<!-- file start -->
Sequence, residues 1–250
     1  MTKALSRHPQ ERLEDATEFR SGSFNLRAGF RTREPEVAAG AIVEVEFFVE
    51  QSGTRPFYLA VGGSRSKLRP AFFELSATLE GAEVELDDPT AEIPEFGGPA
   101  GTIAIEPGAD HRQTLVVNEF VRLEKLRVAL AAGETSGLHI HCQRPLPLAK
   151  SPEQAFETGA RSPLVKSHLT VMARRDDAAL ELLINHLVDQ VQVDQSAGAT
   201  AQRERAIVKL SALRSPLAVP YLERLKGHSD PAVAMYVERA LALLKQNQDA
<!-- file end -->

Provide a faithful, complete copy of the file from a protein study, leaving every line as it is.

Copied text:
Sequence, residues 1–250
     1  MTKALSRHPQ ERLEDATEFR SGSFNLRAGF RTREPEVAAG AIVEVEFFVE
    51  QSGTRPFYLA VGGSRSKLRP AFFELSATLE GAEVELDDPT AEIPEFGGPA
   101  GTIAIEPGAD HRQTLVVNEF VRLEKLRVAL AAGETSGLHI HCQRPLPLAK
   151  SPEQAFETGA RSPLVKSHLT VMARRDDAAL ELLINHLVDQ VQVDQSAGAT
   201  AQRERAIVKL SALRSPLAVP YLERLKGHSD PAVAMYVERA LALLKQNQDA